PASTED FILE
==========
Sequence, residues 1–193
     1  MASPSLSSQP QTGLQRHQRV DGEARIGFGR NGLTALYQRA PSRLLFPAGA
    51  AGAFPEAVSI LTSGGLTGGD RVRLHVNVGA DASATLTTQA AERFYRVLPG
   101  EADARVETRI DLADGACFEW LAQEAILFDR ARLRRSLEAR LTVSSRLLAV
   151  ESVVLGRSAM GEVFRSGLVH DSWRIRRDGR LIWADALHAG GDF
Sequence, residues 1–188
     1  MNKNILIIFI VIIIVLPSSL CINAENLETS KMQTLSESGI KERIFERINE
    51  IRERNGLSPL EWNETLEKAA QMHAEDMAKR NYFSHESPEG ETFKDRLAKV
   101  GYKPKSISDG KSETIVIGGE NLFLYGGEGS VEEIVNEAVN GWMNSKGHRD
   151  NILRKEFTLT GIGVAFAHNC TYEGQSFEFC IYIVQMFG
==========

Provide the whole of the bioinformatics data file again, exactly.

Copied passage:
Sequence, residues 1–193
     1  MASPSLSSQP QTGLQRHQRV DGEARIGFGR NGLTALYQRA PSRLLFPAGA
    51  AGAFPEAVSI LTSGGLTGGD RVRLHVNVGA DASATLTTQA AERFYRVLPG
   101  EADARVETRI DLADGACFEW LAQEAILFDR ARLRRSLEAR LTVSSRLLAV
   151  ESVVLGRSAM GEVFRSGLVH DSWRIRRDGR LIWADALHAG GDF
Sequence, residues 1–188
     1  MNKNILIIFI VIIIVLPSSL CINAENLETS KMQTLSESGI KERIFERINE
    51  IRERNGLSPL EWNETLEKAA QMHAEDMAKR NYFSHESPEG ETFKDRLAKV
   101  GYKPKSISDG KSETIVIGGE NLFLYGGEGS VEEIVNEAVN GWMNSKGHRD
   151  NILRKEFTLT GIGVAFAHNC TYEGQSFEFC IYIVQMFG